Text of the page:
You can watch the press conference below courtesy of Inside MMA

Filed under: MMA  Cyborg Santos Signs Multi Fight Deal with InvictaFC; Debuts Apr. 5 c590b b Cyborg Santos Signs Multi Fight Deal with InvictaFC; Debuts Apr. 5

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Hendrickson’s 2nd in Ljubno leads stellar day for U.S. Ski Jumping Team

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940f6 GEPA full 3406 GEPA 1602138010 Hendrickson’s 2nd in Ljubno leads stellar day for U.S. Ski Jumping Team

Sarah Hendrickson, Sara Takanashi, Coline Mattel. Photo: FISSkiJumping.com

5 Americans in the top 13

LJUBNO, Slovenia, via release — Park City’s Sarah Hendrickson snagged her seventh podium finish this season with a strong 2nd-place performance in Ljubno on Saturday.

She led the U.S. women’s ski jumping team, which dominated the competition by placing five jumpers in the top 13. Jessica Jerome continued to build on her recent successes with a 6th, Lindsey Van was 8th, Alissa Johnson 12th, and Abby Hughes 13th.

Japan’s Sara Takanashi won her third consecutive World Cup event to edge closer to the overall title. France’s Coline Mattel was 3rd.

“I’m really very satisfied because I made two good jumps,” Hendrickson said. “My goal for tomorrow (Sunday) is to focus on my technique again, just like today. Congratulations to Sara (Takanashi), she is having great performances.”

The U.S. team still leads the Nations Cup race. Slovenia, sitting in 2nd, is closing the gap, boosted by the consistent results of Spela Rogelj, Katja Pozun, and Ursa Bogataj who were 4th, 5th, and 9th respectively Saturday.

Just three World Cup events remain this season: one more in Ljubno on Sunday and two in Norway after the 2013 Nordic World Ski Championships, which get under way in Val di Fiemme, Italy, in less than a week. The women’s individual event is Feb. 22, and the mixed team event is Sunday, Feb. 24.

World Cup
Ljubno, Slovenia

Women’s Normal Hill – HS95
(with wind system calculation)

Saturday, Feb. 16, 2013

1. Sara Takanashi, JPN, (88.5 meters, 88) 225.1

2. Sarah Hendrickson, USA, (85, 83.5) 214.2

3. Coline Mattel, FRA, (84, 84) 212.1

—-

6. Jessica Jerome, USA, (82, 82.5) 201.9

8. Lindsev Van, USA, (81.5, 79.5) 197.8

12. Alissa Johnson, USA (78, 79.5) 189.2

13. Abby Hughes, USA (77.5, 79.5) 187.8

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McDonald’s All-American game rosters announced

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Rosters for this year’s McDonald’s All-American game were released today. The game will be April 3 in Chigaco.

East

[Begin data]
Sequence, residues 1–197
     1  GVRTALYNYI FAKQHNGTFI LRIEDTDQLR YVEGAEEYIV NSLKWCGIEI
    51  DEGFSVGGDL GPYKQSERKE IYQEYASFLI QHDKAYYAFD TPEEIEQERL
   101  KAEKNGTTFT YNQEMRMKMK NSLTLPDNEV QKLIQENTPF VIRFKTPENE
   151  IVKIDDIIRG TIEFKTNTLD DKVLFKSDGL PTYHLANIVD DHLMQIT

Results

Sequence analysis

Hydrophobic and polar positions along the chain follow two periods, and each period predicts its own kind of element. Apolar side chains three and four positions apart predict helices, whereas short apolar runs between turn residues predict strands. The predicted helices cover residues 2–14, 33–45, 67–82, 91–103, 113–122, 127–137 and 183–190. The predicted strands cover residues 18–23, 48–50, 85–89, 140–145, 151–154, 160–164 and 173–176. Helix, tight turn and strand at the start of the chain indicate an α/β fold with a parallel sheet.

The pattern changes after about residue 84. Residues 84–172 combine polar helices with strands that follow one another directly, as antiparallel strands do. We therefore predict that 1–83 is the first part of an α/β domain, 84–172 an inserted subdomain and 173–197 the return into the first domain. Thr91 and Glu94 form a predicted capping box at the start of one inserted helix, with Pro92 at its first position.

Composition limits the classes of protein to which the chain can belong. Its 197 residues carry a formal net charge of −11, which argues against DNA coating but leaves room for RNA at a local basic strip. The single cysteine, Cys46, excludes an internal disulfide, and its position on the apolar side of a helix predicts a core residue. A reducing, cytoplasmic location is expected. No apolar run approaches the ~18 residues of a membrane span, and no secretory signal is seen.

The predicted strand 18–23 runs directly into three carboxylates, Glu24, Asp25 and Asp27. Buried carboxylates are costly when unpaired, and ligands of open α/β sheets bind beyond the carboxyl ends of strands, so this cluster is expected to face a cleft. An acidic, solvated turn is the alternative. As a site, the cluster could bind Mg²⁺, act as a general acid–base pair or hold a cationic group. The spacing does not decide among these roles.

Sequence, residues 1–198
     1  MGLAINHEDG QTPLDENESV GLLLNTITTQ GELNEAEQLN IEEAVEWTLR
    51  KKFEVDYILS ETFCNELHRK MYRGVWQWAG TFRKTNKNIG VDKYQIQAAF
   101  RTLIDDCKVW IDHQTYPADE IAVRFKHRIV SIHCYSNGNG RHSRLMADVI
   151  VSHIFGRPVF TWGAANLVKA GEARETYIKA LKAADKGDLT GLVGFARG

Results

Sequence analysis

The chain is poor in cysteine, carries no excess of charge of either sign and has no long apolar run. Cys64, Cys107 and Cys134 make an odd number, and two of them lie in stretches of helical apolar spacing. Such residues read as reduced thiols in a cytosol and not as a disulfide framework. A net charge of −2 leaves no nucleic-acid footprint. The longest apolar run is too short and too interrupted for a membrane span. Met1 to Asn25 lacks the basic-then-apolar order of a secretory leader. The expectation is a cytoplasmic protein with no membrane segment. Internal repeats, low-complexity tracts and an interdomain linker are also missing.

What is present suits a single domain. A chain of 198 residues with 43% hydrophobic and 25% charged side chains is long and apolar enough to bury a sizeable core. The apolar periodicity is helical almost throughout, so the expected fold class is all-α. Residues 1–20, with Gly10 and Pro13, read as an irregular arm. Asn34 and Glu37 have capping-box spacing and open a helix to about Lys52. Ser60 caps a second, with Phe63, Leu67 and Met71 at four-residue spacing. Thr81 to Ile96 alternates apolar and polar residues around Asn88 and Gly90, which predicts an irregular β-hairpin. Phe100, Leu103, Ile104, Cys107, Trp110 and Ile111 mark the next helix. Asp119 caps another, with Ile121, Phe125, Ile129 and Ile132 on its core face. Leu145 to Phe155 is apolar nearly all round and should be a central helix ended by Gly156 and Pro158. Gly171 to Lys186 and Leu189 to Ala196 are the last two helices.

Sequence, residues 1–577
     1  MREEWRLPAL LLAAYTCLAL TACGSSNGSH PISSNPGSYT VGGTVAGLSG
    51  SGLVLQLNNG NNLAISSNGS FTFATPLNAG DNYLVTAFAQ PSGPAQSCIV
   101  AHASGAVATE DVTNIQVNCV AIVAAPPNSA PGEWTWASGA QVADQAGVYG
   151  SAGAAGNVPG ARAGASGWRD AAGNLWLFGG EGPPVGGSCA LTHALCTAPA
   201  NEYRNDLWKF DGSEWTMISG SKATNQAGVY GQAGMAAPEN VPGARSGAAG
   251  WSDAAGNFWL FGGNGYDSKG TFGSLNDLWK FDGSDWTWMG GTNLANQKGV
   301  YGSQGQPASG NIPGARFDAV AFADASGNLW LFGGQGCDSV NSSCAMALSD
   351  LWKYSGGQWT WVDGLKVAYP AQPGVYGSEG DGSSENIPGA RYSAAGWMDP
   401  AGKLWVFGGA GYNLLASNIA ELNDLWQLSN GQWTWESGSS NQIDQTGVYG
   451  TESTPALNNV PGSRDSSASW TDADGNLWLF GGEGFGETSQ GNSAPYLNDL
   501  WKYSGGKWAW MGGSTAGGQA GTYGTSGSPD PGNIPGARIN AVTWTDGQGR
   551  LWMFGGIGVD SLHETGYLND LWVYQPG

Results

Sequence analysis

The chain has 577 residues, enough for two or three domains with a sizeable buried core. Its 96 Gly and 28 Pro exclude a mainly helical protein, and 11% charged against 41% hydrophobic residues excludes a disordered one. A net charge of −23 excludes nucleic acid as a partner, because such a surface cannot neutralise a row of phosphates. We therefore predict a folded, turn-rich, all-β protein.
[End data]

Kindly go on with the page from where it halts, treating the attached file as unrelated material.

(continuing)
Name Pos. Ht. Hometown College

Lindsay Allen G 5-8 St. John’s College (D.C.) Notre Dame

Lexie Brown G 5-9 North Gwinnett (Ga.) Maryland

Alaina Coates C 6-4 Dutch Fork (S.C.) South Carolina

Nia Coffey F 6-1 Hopkins (Minn.) Northwestern

Kaela Davis G 6-2 Buford (Ga.) Georgia Tech

Diamond DeShields G 6-2 Norcross (Ga.) North Carolina

Makayla Epps G 5-8 Marion County (Ky.) Kentucky

Kai James C 6-4 Dwyer (Fla.) Florida State

Stephanie Mavunga F 6-2 Brownsburg (Ind.) North Carolina

Taya Reimer F 6-2 Hamilton Southeastern (Ind.) Notre Dame

Ieshia Small G 6-0 Dr. Krop (Fla.) Undecided

Ronni Williams F 6-0 Atlantic (Fla.) Florida

West

Name Pos. Ht. Hometown College

Oderah Chidom F 6-3 Bishop O’Dowd (Calif.) Duke

Kendall Cooper C 6-3 St. Anthony (Calif.) Duke

Rebekah Dahlman G 5-9 Braham (Minn.) Vanderbilt

Rebecca Greenwell G 6-1 Owensboro Catholic (Ky.) Duke

Linnae Harper G 5-6 Whitney Young (Ill.) Kentucky

Kailee Johnson F 6-3 Central Catholic (Ore.) Stanford

Erica McCall F 6-3 Ridgeview (Calif.) Stanford

Kelsey Plum G 5-9 La Jolla Country Day (Calif.) Washington

Jordan Reynolds G 6-1 Central Catholic (Ore.) Tennessee

Mercedes Russell C 6-5 Springfield (Ore.) Tennessee

Tyler Scaife G 5-8 Hall (Ark.) Rutgers

Jessica Washington G 5-8 Jenks (Okla.) North Carolina

By the numbers.

UConn committ Saniya Chong wasn’t selected.

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Washington recruits make news and Huskies get NCAA tournament breakdown

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Calling Washington signee Kelsey Plum about an honor is kind of boring. All she wants to hear about from the UW coaching staff is what she should be doing in order to be ready for her freshman season in 2013-14.

“I like a player like that,” UW coach Kevin McGuff said.

Whether Plum, a PG from California, wants to talk about it or not, she was named to her second All-American team on Thursday. She’ll represent the West in McDonald’s marquee game April 3 in Chicago. Plum is the second UW recruit to be named a McDonald’s All-American, post Katie Collier being the program’s first last year. Collier is out due to a season-ending knee injury, which could mean the pair play together for four years in Huskies purple.